Tom Watson selects Keegan Bradley, Hunter Mahan and Webb Simpson for the 2014 U.S. Ryder Cup team

Tom Watson
@michaelwalkerjr
Tom Watson meets with the media after making his Ryder Cup captain's picks at the 'Saturday Night Live' studio in New York City.

NEW YORK -- Tom Watson has selected Keegan Bradley, Hunter Mahan and Webb Simpson for the U.S. Ryder Cup team with his three captain’s picks.

Bradley and Mahan were widely expected to make the team, but Webb Simpson was a minor surprise. Watson said he made the decision to select Simpson on Tuesday morning when he reviewed Simpson’s performance at the 2012 Ryder Cup at Medinah. The U.S. lost by a point after a dramatic final-day comeback by the Europeans, and Simpson compiled a 2-2 record with two 5-and-4 victories.

“Experience was big,” Watson said of the rationale behind his picks. “All three players have an even record or a winning record in the Ryder Cup.”

The three Americans join Phil Mickelson, Jordan Spieth, Matt Kuchar, Bubba Watson, Rickie Fowler, Zach Johnson, Patrick Reed, Jim Furyk and Jimmy Walker, who all automatically qualified for the 12-man team.

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The U.S. team will be underdogs against Europe when the teams square off in Gleneagles, Scotland, on Sept. 26-28. Europe has won the last two Ryder Cups and has only lost once -- in 2008 -- since 1999.

However, Watson said that “flying under the radar” could be an advantage for the Americans in Scotland.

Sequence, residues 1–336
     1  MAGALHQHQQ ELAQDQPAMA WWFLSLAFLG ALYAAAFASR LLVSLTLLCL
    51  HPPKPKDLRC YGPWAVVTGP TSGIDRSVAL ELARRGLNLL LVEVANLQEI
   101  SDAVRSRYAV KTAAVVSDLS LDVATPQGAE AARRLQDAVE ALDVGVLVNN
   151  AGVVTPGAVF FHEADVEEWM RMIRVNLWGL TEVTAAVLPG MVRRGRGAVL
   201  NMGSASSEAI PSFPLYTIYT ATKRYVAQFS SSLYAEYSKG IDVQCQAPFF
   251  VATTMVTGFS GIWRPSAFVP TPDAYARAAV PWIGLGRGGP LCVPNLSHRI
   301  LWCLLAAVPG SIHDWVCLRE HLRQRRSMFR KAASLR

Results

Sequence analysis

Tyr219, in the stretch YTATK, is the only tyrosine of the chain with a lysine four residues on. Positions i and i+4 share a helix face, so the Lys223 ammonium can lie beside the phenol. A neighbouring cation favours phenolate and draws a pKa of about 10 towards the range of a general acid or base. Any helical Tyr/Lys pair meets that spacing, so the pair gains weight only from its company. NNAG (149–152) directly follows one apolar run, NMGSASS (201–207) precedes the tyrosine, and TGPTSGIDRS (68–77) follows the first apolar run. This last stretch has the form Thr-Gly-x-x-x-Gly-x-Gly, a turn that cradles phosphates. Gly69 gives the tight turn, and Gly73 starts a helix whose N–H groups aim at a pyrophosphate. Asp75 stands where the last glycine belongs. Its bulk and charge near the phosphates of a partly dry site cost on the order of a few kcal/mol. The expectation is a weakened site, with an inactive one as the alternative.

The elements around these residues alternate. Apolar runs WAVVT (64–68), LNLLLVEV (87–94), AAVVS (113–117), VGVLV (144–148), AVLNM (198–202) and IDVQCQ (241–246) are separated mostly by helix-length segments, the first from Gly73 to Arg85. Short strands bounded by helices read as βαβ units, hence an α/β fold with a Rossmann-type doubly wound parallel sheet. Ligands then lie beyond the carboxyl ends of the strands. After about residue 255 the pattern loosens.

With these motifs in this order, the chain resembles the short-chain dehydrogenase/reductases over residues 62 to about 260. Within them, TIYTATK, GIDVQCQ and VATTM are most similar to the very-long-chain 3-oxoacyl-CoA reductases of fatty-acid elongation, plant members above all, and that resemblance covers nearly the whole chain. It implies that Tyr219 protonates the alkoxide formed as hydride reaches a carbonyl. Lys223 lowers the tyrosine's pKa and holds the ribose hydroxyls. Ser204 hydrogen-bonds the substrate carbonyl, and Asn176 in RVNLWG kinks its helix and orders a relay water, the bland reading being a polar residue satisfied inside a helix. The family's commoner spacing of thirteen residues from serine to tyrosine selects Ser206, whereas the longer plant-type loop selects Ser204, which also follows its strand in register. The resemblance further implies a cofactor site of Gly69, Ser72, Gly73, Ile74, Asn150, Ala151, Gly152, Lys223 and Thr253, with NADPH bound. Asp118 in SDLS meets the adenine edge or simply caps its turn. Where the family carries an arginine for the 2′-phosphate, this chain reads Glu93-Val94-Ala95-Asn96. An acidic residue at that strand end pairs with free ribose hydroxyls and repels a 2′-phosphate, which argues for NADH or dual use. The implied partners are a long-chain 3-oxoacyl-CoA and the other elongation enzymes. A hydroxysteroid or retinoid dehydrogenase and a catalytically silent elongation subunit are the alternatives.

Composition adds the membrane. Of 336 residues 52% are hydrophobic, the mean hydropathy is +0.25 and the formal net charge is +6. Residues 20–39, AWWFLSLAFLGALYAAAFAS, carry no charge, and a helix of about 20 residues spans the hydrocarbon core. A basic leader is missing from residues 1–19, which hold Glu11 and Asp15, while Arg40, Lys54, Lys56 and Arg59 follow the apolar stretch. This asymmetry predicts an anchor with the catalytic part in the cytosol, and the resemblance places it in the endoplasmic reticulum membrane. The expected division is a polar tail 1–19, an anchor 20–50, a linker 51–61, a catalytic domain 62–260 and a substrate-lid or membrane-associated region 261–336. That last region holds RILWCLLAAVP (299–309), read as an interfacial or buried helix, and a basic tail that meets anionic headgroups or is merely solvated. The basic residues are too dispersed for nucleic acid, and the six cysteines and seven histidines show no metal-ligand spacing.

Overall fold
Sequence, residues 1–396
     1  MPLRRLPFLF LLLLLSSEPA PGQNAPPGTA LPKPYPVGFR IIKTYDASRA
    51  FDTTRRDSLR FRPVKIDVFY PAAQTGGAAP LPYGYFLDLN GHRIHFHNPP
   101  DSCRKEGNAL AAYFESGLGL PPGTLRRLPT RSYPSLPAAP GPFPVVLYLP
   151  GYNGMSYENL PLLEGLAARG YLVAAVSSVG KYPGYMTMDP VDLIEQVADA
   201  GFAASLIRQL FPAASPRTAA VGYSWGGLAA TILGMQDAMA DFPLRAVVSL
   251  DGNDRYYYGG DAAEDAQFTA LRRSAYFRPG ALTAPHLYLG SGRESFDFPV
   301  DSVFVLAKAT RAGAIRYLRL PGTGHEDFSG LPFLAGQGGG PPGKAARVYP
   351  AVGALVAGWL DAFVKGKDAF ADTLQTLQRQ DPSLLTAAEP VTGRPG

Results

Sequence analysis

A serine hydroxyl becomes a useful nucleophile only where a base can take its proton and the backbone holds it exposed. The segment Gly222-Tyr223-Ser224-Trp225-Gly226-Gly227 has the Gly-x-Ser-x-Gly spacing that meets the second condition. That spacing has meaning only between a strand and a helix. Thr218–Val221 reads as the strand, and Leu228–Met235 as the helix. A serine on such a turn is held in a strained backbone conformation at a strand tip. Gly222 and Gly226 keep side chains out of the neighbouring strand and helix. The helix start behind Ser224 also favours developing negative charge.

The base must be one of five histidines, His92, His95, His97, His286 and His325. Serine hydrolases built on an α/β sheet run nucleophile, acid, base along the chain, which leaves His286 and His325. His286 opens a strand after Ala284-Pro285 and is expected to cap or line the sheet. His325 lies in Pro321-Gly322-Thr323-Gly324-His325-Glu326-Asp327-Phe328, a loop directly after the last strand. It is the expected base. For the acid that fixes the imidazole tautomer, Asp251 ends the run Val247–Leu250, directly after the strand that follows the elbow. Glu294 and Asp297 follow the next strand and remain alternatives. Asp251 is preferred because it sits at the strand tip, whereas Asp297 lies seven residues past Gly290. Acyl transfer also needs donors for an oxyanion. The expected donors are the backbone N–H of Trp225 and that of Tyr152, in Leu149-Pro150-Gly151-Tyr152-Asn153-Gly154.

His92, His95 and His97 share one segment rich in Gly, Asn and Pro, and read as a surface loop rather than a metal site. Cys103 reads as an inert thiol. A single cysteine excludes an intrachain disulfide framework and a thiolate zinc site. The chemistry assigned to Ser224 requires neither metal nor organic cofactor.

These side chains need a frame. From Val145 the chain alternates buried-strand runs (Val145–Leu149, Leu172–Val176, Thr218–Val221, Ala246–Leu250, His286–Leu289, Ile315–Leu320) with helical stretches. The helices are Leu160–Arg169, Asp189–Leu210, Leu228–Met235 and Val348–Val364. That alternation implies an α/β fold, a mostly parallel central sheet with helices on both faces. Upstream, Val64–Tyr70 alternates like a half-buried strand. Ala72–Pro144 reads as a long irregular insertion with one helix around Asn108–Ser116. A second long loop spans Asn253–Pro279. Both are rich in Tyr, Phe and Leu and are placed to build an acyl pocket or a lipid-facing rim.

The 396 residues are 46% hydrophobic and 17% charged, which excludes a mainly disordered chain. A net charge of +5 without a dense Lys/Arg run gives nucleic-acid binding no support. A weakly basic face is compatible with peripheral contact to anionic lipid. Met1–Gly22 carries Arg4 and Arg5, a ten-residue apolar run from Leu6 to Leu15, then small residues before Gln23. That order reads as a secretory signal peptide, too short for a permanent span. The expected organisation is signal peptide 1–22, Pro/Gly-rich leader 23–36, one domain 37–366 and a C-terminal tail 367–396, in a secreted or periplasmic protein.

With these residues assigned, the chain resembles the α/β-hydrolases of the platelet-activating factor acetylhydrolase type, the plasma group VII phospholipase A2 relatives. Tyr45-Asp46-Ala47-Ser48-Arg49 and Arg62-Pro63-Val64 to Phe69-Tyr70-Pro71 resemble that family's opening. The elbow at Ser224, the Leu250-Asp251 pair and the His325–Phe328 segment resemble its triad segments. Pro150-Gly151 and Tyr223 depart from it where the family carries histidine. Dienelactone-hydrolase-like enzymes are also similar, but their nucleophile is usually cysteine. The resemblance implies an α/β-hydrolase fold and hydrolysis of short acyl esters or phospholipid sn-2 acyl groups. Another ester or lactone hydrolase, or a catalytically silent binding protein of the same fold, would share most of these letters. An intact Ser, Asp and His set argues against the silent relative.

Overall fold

“I have a fundamental belief in our team and more importantly our players believe they can win the Ryder Cup,” Watson said.

The announcement was a disappointment to several American players in consideration for a captain’s pick, including Chris Kirk, Brandt Snedeker, Bill Haas, Ryan Moore and others. Watson said he called more than a half-dozen players to tell them in person that they didn’t make the team, including Kirk, who won last week’s Deutsche Bank Championship.

Earlier this summer, Watson was asked repeatedly about the possibility of selecting a struggling Tiger Woods for the team with a captain’s pick, but Woods took himself out of consideration after the PGA Championship, saying he needed to rest his ailing back. Jason Dufner is also injured and was not in consideration for a pick, Watson said.

Watson said Tuesday that Woods didn’t call him to say he was out of consideration for a captain’s pick. Watson learned that when he called Woods, he said. Asked if he considered Woods for an assistant captain on the team, Watson responded with a dismissive “no.”

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In a sign of how the Ryder Cup has grown from a charming international exhibition to a “Hunger Games”-style blood feud, Watson announced his captain’s picks Tuesday evening at Studio 8H at Rockefeller Center in New York, the home of “Saturday Night Live,” in front of dozens of reporters and TV cameras, as well as Donald and Melania Trump and former New York City mayor Rudy Giuliani, and the event was broadcast live on the Golf Channel.

Watson sat onstage next to PGA of America president Ted Bishop and announced the picks over the course of 40 minutes or so, with each player joining the media conference via video from Denver, where the PGA Tour stops this week for the BMW Championship.